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Cultural Heritage

Our Cultural Heritage

Our Country continues to nourish us by providing bush tucker and medicine.

In addition to our customs and practices, our tangible cultural heritage is a core part of our identity and connection to Country. The mountains, rivers and trees that make up cultural landscapes are the foundations of our creation stories.

In addition to our customs and practices, our tangible cultural heritage is a core part of our identity and connection to Country. The mountains, rivers and trees that make up cultural landscapes are the foundations of our creation stories.

The sites that lie within these landscapes tell the stories of our history – both good and bad. Scar trees and birthing sites are some of the evidence that remain of the past practices of our people.

Massacre and mission sites remind us of more recent influences on our people. An important part of our healing has been the return to our management of the site where the Franklinford Mission stood. This is a place of sadness but also of resilience and growth. As we heal the land we will remember and honour our ancestors and their individual and collective experience.

Aboriginal artefacts are scattered across our Country, telling of the rituals and practices of our ancestors. Some of the remains of our ancestors have been removed, and we are working to bring them home and reinter them to Country as they will not be at rest until they are properly reburied on Dja Dja Wurrung Country.

Many of our special places and artefacts are not secure. Through both accidental and wilful damage, our cultural heritage is gradually being destroyed. Vandalism and deliberate destruction of sites is sadly still an issue for us.

Damage also occurs through the actions of tourists and visitors to our Country, where signage and protection of sites is not adequate.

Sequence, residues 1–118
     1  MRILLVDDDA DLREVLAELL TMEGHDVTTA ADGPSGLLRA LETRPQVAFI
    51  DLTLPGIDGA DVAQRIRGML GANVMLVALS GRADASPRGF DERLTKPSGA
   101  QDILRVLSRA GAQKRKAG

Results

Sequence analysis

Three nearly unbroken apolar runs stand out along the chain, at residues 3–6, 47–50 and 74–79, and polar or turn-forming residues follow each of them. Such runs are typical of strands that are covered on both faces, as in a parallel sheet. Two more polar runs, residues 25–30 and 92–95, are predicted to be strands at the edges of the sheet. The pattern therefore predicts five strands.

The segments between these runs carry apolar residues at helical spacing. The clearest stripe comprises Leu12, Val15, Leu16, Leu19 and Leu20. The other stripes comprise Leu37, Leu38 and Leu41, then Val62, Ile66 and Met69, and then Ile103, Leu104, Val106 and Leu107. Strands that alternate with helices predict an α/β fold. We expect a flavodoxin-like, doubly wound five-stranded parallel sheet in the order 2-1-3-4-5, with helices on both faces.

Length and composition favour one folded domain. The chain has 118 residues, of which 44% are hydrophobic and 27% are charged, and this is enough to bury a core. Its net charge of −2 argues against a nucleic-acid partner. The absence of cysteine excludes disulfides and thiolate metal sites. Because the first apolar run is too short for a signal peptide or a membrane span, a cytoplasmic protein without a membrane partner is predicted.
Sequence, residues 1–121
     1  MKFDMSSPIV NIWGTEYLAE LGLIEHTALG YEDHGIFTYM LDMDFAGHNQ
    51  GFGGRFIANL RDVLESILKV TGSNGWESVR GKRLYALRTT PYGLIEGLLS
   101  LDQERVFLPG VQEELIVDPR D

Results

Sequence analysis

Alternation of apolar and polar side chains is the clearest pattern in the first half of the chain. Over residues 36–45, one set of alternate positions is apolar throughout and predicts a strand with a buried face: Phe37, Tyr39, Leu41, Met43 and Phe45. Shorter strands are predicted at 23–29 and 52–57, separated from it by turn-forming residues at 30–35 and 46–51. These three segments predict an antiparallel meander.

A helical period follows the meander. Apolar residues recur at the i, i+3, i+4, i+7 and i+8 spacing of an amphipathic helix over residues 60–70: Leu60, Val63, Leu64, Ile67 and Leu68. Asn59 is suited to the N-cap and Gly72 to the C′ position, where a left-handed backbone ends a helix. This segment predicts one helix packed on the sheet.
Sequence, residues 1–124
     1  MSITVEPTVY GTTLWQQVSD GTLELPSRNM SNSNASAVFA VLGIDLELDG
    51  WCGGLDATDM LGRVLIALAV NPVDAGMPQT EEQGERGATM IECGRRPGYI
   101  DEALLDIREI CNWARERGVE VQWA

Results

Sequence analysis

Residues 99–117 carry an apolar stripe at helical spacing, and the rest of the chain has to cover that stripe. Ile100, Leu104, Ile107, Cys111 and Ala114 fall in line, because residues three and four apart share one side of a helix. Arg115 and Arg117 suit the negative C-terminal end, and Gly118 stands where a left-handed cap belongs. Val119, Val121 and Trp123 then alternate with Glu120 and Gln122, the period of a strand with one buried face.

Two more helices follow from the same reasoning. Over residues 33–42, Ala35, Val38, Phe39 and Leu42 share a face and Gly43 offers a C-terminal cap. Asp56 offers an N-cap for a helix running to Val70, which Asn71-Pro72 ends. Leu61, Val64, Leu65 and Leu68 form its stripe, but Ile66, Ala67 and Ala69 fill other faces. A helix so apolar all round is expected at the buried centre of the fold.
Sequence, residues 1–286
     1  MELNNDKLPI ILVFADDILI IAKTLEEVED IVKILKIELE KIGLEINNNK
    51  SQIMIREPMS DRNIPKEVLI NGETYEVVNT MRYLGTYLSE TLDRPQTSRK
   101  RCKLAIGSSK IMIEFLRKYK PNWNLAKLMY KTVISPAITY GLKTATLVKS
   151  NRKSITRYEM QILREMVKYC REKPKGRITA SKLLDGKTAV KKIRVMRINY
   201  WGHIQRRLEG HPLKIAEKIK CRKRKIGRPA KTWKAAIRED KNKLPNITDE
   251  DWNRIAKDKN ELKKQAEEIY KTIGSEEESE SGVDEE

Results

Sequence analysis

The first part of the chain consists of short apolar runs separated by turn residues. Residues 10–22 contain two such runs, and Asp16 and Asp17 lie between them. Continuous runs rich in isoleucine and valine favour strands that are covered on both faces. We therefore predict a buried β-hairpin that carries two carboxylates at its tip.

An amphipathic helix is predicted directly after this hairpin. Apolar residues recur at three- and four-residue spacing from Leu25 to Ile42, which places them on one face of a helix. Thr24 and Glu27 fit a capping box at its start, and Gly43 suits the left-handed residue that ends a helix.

On a larger scale, compliance with cultural heritage legislation is not always strong, and sites can be lost through developments and land management practices.

Our artefacts are collected by landholders and visitors who find them, and don’t know or care to return them to us.

We will need to consider all of these challenges when taking action to protect our cultural heritage. We take our role as the Registered aboriginal Party seriously.

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We have a lot of work to do but we aim to:

  • Strengthen our understanding of what significant sites and artefacts exist on Dja Dja Wurrung Country.
  • Secure the right and means to effectively protect and manage cultural landscapes and sites.
  • Ensure Dja Dja Wurrung ancestral remains, cultural objects and collections are returned to Country, and protected.
  • Make use of our cultural heritage to promote healing and reconciliation, teach Jaara people about their Country and laws, and raise cultural awareness among the broader community.
HARLEY DUNOLLY-LEE

CONNECTION TO COUNTRY

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